You know you’re writing too much about marijuana when a search for sector players like Hexo (NYSEAmerican:HEXO) brings up your own articles. And you really know you’re going overboard when other analysts cite your work as expert opinion. But this “anything goes” dynamic really points to the broader opportunity in HEXO stock.
If I wrote about an established blue-chip name like Altria (NYSE:MO), I could probably search for days before my last article on the topic comes up. Everyone talks about Altria. Adding one more opinion on the subject is like relieving yourself in the Pacific Ocean. It matters, but only in the technical sense.
On the other hand, discussing HEXO is like relieving yourself in the jacuzzi. It matters, especially if the jacuzzi water didn’t originally have a yellowish tint.
What’s the point about my biological analogies, you ask? Small actions can have a big impact on young markets. That sentiment applies to both directions, as the HEXO stock price recently demonstrated.
On a year-to-date basis, shares of the cannabis firm are still at astonishingly elevated levels. However, since the April 29 close, Hexo stock has dropped 24% in the markets.
Part of the reason why the equity collapsed involves the same motivation for why other marijuana stocks have gone volatile: good ol’ fashioned profit taking. With Hexo stock doubling a little over a month ago, early investors bailed out.
Secondly, as InvestorPlace contributor Ian Bezek pointed out, HEXO and other cannabis players have a credibility issue. You can’t have a market capitalization in the billions and revenue in the millions indefinitely.
But once the profit taking in Hexo stock fades, I’d consider going long for one reason: cannabidiol.
We’ve passed the infancy stage of the cannabis revolution, which is participation. Of coure, this low-hanging fruit didn’t last because growing marijuana isn’t rocket science. Companies now are differentiating themselves through marijuana specialties, such as mass production or cultivating medically effective strains.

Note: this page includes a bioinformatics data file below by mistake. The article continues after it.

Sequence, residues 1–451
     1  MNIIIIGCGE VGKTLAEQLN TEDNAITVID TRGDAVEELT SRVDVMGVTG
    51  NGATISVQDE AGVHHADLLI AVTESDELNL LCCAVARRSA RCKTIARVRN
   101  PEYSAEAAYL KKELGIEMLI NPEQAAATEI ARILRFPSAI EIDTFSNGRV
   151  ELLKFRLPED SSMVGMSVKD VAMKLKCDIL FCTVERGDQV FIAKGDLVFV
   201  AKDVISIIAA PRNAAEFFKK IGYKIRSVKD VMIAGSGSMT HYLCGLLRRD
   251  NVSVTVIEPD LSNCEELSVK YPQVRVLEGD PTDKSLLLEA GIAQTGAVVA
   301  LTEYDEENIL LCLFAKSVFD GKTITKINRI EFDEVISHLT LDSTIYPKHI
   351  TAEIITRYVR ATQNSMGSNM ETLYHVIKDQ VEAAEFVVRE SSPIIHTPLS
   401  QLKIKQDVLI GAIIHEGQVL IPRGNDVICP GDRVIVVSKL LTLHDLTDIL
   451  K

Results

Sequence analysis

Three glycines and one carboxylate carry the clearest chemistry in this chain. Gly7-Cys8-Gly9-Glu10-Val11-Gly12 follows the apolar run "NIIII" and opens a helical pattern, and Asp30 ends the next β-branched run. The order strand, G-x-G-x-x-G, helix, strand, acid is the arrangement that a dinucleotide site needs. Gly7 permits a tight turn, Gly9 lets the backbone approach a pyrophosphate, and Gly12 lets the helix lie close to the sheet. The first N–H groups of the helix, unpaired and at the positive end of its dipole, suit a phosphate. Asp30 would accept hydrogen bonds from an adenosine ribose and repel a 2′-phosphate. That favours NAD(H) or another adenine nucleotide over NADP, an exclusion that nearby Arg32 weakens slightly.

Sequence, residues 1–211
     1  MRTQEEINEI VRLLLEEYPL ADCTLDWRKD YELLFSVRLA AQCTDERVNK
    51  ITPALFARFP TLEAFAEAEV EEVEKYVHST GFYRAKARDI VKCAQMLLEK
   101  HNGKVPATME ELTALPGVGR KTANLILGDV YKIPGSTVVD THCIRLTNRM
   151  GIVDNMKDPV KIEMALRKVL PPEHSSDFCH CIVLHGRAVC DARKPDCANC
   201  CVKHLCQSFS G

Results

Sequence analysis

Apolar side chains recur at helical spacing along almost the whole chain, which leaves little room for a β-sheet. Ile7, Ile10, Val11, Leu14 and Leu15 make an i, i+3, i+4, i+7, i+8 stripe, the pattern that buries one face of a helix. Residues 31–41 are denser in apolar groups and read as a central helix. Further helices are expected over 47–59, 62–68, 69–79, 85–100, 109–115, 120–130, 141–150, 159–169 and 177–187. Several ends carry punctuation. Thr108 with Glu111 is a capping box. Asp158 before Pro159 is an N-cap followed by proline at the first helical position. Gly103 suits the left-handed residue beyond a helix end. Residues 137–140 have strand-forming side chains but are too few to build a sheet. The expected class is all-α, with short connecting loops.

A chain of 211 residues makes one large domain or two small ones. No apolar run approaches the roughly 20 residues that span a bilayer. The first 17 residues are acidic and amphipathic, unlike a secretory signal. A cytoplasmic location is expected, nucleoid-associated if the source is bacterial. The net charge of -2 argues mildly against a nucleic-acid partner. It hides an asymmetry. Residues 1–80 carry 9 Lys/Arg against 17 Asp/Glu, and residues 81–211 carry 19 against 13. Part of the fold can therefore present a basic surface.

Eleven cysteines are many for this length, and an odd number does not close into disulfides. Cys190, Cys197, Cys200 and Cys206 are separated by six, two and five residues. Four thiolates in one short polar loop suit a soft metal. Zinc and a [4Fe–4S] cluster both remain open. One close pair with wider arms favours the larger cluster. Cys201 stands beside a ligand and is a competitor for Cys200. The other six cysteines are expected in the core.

How does HEXO distinguish itself from the pack? The answer is cannabidiol, or CBD.
This isn’t a new argument. In fact, it’s quite an old one. As our own James Brumley noted early this year, CBD-infused beverages represent a crowded market. It’s also a very modestly sized one in terms of revenue. Thus, critics have argued that this trend is a fad.
On the surface, this circumstance bodes poorly for the HEXO stock price. The underlying company inked a promising venture with Molson Coors (NYSE:TAP) to produce CBD-infused beverages. But that potential dies if this niche fails to take off.
Admittedly, early signs don’t look encouraging. However, this is still a very young market where a series of small actions can spark something massive.
I’m especially intrigued with CBD’s medicinal potential. According to Harvard Health Publishing contributing editor Peter Grinspoon, some evidence exists for the cannabis plant’s therapeutic claims. Dr. Grinspoon even cites research on marijuana’s impact on traumatic brain injuries.
The obvious caveat is that more evidence is necessary to establish CBD as a genuine therapeutic platform. Still, that’s what makes CBD, and indirectly Hexo stock, an exciting proposition. We don’t yet fully understand marijuana because mainstream research on the plant is still relatively scarce. But the fact that at least some positive data exists is undeniable.
That’s also why I don’t think CBD-infused beverages is a fad. This isn’t a flavor of the week. Instead, the mainstreaming of CBD could eventually catalyze a paradigm shift in cannabis perceptions.
Patience Could Go a Long Way with Hexo Stock
While Dr. Grinspoon’s article is a recommended read, I especially encourage you to read the comments section.
One caught my eye. A reader claimed that her mother suffered from severe pain, requiring opioids to cope. But with CBD and other cannabis-related medicines, she is able to enjoy a better quality of life.
Rather than blast someone for using unproven alternative therapies, Dr. Grinspoon instead encouraged the weening off opioids. In my opinion, that’s very telling coming from a medical doctor deeply embedded in the mainstream health care system.
If you ask me, it appears medical professionals prefer natural CBD products over exotic pharmaceutical concoctions.
But this is not a license to jump aboard Hexo without fully appreciating the risks. The HEXO stock price can just as quickly rise or erode. Like I said, it’s a young market: an unwelcome stream can put an immediate damper on your relaxing jacuzzi.
But if you drill down into the science and data, it’s more likely that any surprises will be positive ones. Therefore, I’m interested in taking any significant dips in HEXO as longer-term buying opportunities.
As of this writing, Josh Enomoto did not hold a position in any of the aforementioned securities.